Dialogue on Freemasonry, Time, and Freedom


In “Lessing spirit” – Gotthold Ephraim Lessing (1729-1781) was a German writer, philosopher, dramatist, publicist. He was a famous Freemason. He wrote a dialogue about Freemasonry. “Ernst and Falk, Dialogues for Freemasons” (Original: Ernst und Falk, Gesprâche für Freimâurer)  Ernst and Falk are a development novel, a drama. It is speaking about the nature of Freemasonry, its purpose, and the facts behind the rumors. It is also the message of the Age and the Idea of Enlightenment. I thought again Lessing’s thoughts. 

Ernst and Falk, Dialogues for Freemasons

Before we start a new conversation, I would like to quote some thoughts from the original Lessing Dialogue (Part of the Second Dialogue)

“Falk. Very greatly to be desired is that in every state there would be men who were not subject to the prejudice of their inbred religion; that they did not believe that everything which they recognize to be good and true must necessarily be good and true.

Ernst. Very greatly to be desired!

Falk. Very greatly is it to be desired that in every state there would be men whom civic pomp does not blind, and civic pettiness does not disgust them, and in whose company the great [men]] gladly lower themselves and the lowly boldly lift up their heads.

Ernst. Very greatly to be desired!

Falk. And if this desire were to be fulfilled?

Ernst. Fulfilled? — Of course, here and there, now and then, there would be found such a man.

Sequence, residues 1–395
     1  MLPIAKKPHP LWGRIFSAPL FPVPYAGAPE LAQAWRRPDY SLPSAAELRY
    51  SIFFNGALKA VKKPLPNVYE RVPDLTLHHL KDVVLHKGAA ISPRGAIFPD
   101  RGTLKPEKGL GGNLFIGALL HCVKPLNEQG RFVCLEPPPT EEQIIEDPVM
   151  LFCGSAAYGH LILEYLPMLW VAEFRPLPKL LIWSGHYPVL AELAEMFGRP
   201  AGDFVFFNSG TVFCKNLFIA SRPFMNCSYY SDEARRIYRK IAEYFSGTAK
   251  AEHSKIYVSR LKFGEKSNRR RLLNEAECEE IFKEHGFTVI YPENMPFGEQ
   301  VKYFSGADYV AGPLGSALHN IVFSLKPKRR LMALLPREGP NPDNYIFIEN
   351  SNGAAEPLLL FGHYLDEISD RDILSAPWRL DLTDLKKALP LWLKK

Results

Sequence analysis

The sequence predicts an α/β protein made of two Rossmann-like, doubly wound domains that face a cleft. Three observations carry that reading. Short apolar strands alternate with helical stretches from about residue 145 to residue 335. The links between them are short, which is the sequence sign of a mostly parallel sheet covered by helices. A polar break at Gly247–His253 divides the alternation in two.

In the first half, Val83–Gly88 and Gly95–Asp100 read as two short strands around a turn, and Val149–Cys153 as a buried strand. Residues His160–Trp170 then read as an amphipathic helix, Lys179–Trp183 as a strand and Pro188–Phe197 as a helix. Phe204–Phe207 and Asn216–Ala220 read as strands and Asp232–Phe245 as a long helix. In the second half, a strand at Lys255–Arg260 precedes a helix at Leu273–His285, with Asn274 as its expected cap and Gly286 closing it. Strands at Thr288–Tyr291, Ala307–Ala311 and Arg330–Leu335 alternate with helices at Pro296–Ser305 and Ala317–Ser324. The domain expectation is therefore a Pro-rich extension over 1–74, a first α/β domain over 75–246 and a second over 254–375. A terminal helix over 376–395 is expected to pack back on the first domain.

Falk. Not only here and there, not only now and then.

Ernst. At certain times, in certain lands perhaps a few more.

Falk. What if there were such men everywhere even now? and at all times there had to be such men?

Ernst. God willing!

Falk. And what if these men did not live in a state of ineffectual distraction, nor always in an unseen church?

Ernst. Beautiful dream!

Falk. To make it short — and what if these men were the Freemasons?”

The next dialogue – Could happen today

Ernst: What are you meditating about my friend?

Falk: Nothing. If I were to think about something, I would be talking with you about it. Nothing is more enjoyable than thinking loudly with a friend.

Ernst: Indeed. That reminds me, that a long time ago I wanted to ask something from you.

Falk: OK, Ask me.

Ernst: Is it true that you are a Freemason? Respond honestly. Are you a mason?

Falk: Yes, I think I am

Ernst: Are you accepted and inaugurated? If yes, when, where, and who accepted and inaugurated you?

Falk: The others who have been accepted believe and know they are masons, as well.

Ernst: If you think that you are a free mason, how do you want to be a Freemason?

Falk: Honestly. I know I’m a mason, but I do not know how to live my Freemasonry.

Ernst: If you know that you are a mason, then you will also learn to know how to do this. Don’t you think it’s the question only about the time?

Falk: Time? Time is the most difficult component of the world. Time goes constantly, but it’s still in our life. Dangerous. We are always in short of time. For example, look at the deadline: it always threatens us.

Ernst: Do you know what Freemasonry has to do with time?

Falk: Yes, I know, I have an experience in it. I feel that the Masonic time is different from real time. It looks much slower.